Heron among invasive purple loosestrife near Wrightsville, PA. Photo by Jim Sullenberger
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Researchers Along The River - PA iMapInvasives

January 2016, by Kassia Janesch

Thanks to a new program, you don’t have to be a scientist to help the health of the Susquehanna River. PA iMapInvasives, is a system for invasive species information which was designed to store locations in an online spatial database, be appropriate for plants and animals, and to be available for many audiences (citizen scientist through professionals). Launched by the National Heritage Programs in New York and Florida, iMapInvasives is now run in 10 states, including Pennsylvania and Saskatchewan.

So how does it work? Basically, professionals or citizen scientists (Groups that monitor invasive species or pull weeds in conservation lands or waterways are often part of a citizen science – invasive species effort.) can help collect data that is vetted by an administrator and then released for public use.

According to Amy Jewitt, iMapInvasives Coordinator of the Pennsylvania Natural Heritage Program, Western Pennsylvania Conservancy, “the goal of the iMapInvasives database is to provide a platform for storing information, communicating about invasions, and documenting control efforts. With Pennsylvania iMapInvasives, researchers can study distributions, regulatory agencies can view the ‘big picture’ about invasions, and individuals across varied organizations in a partnership can access project information.”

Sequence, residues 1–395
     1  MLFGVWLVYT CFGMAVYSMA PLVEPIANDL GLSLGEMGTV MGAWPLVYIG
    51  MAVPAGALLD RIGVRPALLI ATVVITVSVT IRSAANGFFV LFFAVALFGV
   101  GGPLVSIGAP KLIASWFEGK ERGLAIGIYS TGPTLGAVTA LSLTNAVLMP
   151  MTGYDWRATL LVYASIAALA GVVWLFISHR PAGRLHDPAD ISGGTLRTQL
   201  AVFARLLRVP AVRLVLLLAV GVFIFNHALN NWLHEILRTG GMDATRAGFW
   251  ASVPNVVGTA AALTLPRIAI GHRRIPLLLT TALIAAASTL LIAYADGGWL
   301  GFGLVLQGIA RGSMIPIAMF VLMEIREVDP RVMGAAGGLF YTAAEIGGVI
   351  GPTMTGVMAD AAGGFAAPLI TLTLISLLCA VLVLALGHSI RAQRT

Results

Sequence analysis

Currently, iMapInvasives has almost 600 registered users in Pennsylvania, many of whom use the database to focus on river-based research. The Susquehanna basin has several high priority invasive species that have distribution data available on iMapInvasives, including Didymo (Didymosphenia geminata), Zebra mussels (Dreissena polymorpha), and Hydrilla (Hydrilla verticillata).

Ms. Jewitt’s final word of advice: A sighting of an invasive plant or animal may be a valuable finding. When Pennsylvania iMapInvasives staff encouraged a user to record information for a species he believed to be common, we discovered that he had observed one of the first locations of European frog-bit (Hydrocharis morsus-ranae) in Pennsylvania. This species is a target of rapid eradication. The lesson of this story is: it’s always important to submit data on any invasive species that you find because it just might be something significant.” 

To obtain a free log-on for iMapInvasives, visit www.imapinvasives.org or email imapinvasives@paconserve.org.

The project homepage provides a list of species which are tracked in the Pennsylvania iMapInvasives database, reference guides, a gallery of invaders, and access for logging into Pennsylvania iMapInvasives, among other things.